We are making progress in this area. Our three core gaming offerings, namely Piano Tiles 2, Rolling Sky, and Dancing Line recorded 200% growth in consolidated operating profit in 2018 compared to a year earlier, as margins widened by 9 percentage points to 23%.

Our income from this segment is mainly derived from advertising and in-game purchases made by users. Going forward we will launch new products to optimise the economic returns of our entertainment portfolio.

Why is Cheetah moving into AI?

One important factor is the slowing growth of the mobile market worldwide, except for various pockets of emerging markets such as Southeast Asia. Cheetah Mobile feels the need to do some pivoting. The next frontier will be the ‘Industrial Internet’, broadly understood as the integration of Big Data, analytical tools and wireless networks with physical, industrial equipment – a trend that is accelerated by the advent of 5G technology, which enables simultaneous connection between multiple machines.

The shift will see us building robots applicable to different industries and scenarios, and selling auxiliary services to companies that are incapable of developing AI themselves.

In one case, our robots work as smart drink vendors in a railway station in Shanghai, for instance. They can recognise the gender of the customers right away and recommend drinks to them.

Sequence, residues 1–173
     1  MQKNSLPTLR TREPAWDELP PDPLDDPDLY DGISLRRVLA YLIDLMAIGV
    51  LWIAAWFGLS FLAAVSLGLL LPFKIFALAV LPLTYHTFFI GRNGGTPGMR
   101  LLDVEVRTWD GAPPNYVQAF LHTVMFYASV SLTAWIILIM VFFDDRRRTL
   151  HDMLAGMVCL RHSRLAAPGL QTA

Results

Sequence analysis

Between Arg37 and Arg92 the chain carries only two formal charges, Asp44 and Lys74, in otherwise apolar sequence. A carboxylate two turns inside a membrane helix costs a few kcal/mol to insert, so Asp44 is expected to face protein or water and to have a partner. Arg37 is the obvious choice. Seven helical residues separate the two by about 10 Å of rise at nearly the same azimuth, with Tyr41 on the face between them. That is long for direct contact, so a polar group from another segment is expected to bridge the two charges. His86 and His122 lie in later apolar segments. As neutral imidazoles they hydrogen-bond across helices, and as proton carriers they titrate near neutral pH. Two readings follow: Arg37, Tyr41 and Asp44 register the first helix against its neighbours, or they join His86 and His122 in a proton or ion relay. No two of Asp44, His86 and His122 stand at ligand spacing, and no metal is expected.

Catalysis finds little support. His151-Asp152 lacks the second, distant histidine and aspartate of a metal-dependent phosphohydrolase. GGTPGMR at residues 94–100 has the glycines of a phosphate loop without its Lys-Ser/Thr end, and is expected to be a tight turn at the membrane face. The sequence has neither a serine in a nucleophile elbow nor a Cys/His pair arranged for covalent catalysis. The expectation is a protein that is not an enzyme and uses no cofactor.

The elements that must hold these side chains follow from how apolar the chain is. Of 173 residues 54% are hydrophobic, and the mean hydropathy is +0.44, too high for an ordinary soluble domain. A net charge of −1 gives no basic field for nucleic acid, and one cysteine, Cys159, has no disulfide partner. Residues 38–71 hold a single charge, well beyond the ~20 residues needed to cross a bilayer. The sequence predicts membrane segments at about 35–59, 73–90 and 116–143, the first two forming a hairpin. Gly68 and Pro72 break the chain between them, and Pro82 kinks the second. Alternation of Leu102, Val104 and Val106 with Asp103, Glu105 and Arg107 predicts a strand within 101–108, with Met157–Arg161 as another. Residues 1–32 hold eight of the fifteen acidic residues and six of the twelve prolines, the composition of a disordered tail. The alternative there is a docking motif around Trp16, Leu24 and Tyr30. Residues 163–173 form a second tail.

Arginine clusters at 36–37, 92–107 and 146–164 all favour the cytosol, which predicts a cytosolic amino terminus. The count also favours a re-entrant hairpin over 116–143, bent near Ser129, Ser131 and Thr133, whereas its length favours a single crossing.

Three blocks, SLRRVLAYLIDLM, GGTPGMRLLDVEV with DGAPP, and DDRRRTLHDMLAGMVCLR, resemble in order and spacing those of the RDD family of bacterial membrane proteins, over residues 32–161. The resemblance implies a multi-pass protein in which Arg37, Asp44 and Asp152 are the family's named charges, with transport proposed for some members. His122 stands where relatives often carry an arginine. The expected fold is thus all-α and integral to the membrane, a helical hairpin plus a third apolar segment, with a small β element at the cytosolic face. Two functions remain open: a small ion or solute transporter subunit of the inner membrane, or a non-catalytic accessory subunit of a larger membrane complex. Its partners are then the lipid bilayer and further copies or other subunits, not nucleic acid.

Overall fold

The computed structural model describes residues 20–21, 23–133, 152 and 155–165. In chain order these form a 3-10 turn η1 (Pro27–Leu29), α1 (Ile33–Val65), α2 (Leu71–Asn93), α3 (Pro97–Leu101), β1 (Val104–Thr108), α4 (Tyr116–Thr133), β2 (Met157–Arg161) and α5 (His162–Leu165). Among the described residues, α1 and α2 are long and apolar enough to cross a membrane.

As for auxilliary services, we can, for instance, sell our speech recognition technology to manufacturers who are making interactive TVs. Our hardware products are mainly manufactured in the Internet-of-Things hub of Shenzhen.

What gave Cheetah Mobile the confidence to compete in the increasingly crowded realm of AI?

We have made significant investments in artificial intelligence and machine-learning technologies with our affiliate Beijing OrionStar since 2016, partly because we wished to optimise our flagship products.

For instance, we use image recognition technologies to monitor livestreaming videos broadcast on LiveMe to filter out obscene content. Over that time we’ve developed capabilities in next-generation technology such as voice recognition, natural language processing and text-to-speech. That enabled us to launch our own AI-driven smart speaker, Cheetah Voicepod; an AI-driven voice translation device, CM Translator; and Cheetah GreetBot, a reception robot that focuses on the business-to-business market in various customer locations.

The portable Cheetah Translator will also be available in the US and Japan.

What’s the major challenge facing Cheetah Mobile?

The shift to AI and the ‘Industrial Internet’ means that our business model is set to change from consumer-facing towards business-facing. It’s this adjustment that we need to make that presents challenges to us.